The shear blades can be locked in closed position for safe storage of the shears, and this is accomplished by a transverse latch pin 118 in the handle member 22. The said handle member is of inverted U-shaped cross section, and the latch pin 118 extends transversely thereof and is movable forwardly and reawardly in a slot 120 provided in at least one side wall. The latch pin 118 engages beneath a hook-shaped appendage 122 formed on the inner end of the lever 24 and which is disposed over the latch pin 118 within the handle member 22 when the blades are closed. By thrusting the latch pin 118 beneath the appendage 122, the handle and blades will be retained in the closed position until the latch pin 118 is again retracted to the position shown in FIG. 3.

We claim:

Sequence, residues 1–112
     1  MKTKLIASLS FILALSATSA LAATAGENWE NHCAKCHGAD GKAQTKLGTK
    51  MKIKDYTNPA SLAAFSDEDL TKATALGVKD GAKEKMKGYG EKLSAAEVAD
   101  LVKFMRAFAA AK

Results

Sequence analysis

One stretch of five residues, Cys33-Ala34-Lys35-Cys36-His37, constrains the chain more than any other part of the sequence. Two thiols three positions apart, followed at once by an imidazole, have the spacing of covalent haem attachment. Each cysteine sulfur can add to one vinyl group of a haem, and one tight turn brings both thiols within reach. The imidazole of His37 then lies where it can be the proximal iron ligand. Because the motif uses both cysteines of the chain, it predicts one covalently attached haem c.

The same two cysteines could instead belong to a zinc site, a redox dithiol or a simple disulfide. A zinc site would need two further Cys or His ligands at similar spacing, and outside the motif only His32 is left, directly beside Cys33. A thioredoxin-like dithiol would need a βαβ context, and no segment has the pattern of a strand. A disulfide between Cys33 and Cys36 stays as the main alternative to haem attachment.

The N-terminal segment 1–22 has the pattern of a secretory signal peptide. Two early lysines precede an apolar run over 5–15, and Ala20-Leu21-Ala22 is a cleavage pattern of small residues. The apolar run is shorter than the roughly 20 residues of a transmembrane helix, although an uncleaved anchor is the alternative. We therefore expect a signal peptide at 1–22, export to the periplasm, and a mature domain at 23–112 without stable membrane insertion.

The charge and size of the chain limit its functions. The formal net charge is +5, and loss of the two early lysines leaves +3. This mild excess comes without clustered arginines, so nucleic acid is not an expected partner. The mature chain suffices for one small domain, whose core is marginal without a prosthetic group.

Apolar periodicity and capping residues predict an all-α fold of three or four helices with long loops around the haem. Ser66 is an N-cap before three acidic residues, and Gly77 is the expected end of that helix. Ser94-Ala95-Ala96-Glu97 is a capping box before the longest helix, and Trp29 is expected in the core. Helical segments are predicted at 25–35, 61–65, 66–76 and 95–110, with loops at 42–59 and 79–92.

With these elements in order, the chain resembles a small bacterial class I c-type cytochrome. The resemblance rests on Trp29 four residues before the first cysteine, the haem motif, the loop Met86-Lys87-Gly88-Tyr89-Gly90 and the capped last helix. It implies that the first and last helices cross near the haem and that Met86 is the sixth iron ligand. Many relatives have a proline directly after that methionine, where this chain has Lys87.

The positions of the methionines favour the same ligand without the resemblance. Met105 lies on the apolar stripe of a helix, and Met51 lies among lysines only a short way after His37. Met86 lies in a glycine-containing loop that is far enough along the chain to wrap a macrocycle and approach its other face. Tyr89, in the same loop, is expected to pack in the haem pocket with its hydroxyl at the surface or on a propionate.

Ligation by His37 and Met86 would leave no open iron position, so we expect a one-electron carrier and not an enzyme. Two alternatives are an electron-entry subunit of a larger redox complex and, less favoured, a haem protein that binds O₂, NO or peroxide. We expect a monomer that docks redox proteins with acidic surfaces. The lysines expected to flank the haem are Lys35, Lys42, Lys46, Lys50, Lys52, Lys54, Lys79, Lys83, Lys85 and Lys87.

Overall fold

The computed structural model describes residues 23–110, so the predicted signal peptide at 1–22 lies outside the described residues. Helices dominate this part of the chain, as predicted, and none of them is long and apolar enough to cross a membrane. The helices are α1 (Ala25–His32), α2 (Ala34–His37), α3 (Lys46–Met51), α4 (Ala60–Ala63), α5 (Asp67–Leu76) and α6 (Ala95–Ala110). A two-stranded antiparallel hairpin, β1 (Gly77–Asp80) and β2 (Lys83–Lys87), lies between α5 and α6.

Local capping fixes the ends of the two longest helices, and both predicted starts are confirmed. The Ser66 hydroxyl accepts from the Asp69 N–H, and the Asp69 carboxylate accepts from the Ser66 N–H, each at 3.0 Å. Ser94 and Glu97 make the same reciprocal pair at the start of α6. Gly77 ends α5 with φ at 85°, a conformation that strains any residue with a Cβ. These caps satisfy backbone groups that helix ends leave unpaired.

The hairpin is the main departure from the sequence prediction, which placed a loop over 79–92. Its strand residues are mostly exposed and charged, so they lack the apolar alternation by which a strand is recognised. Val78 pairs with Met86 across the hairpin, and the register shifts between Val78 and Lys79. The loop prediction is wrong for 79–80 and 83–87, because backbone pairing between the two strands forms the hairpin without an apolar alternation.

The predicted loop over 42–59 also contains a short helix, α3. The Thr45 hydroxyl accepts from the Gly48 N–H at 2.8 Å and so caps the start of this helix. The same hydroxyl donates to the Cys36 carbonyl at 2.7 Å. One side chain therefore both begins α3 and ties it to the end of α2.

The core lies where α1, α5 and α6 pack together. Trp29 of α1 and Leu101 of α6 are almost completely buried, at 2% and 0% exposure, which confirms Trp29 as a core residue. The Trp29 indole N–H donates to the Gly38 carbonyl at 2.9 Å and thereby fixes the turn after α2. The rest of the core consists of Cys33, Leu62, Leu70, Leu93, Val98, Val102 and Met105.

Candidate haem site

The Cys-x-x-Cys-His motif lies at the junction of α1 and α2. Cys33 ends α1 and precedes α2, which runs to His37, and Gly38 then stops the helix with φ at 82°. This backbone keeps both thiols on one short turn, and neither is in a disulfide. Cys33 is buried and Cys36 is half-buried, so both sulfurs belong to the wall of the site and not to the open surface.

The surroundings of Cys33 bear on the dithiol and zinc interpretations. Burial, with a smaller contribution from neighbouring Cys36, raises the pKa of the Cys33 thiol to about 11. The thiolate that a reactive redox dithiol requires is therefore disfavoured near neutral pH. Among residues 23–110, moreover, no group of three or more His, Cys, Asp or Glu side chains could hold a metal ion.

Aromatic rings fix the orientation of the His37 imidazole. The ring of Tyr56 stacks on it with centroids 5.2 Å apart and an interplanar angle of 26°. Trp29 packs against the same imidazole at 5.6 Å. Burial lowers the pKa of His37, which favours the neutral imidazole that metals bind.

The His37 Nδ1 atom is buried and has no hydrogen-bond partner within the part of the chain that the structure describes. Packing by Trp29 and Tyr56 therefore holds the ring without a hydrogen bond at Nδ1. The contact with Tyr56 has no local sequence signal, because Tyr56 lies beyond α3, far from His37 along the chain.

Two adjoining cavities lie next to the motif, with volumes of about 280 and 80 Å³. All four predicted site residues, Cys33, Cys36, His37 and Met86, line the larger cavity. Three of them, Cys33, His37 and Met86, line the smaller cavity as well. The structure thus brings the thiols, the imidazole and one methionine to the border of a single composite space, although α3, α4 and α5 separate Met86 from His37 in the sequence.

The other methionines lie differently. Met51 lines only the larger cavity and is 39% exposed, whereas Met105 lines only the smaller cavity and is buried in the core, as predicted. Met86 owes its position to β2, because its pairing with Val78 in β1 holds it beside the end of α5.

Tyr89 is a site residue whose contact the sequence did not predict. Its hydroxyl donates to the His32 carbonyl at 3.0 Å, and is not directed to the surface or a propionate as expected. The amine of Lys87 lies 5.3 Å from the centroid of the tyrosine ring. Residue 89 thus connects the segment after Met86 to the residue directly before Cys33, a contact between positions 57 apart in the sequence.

1. A shears comprising first and second open bottom housings, the first housing being provided as a support for an operating handle structure and the second housing being provided as a support for a fixed and for a movable shear blade, a bushing supported by one of said housings for engagement by the other housing to elfect connection therebetween, said other housing having a notch engageable with said bushing in an inverted position of said other housing which is then rotatable on the bushing toward an upright position, said other housing also having means formed thereon for engagement with said one housing when it has been rotated from its said inverted position to effect the said connection, and an elongated connector extending through said bushing between said movable blade and operating handle structure.

2. A shears as set forth in claim 1 wherein said 'bush ing is supported by said first housing.